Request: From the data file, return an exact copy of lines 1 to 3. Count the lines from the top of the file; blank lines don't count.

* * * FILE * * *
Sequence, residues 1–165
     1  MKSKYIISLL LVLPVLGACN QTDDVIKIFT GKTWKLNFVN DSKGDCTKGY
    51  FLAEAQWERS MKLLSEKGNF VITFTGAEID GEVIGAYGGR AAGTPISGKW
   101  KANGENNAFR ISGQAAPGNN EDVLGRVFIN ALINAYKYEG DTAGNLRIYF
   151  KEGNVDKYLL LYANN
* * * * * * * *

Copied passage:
Sequence, residues 1–165
     1  MKSKYIISLL LVLPVLGACN QTDDVIKIFT GKTWKLNFVN DSKGDCTKGY
    51  FLAEAQWERS MKLLSEKGNF VITFTGAEID GEVIGAYGGR AAGTPISGKW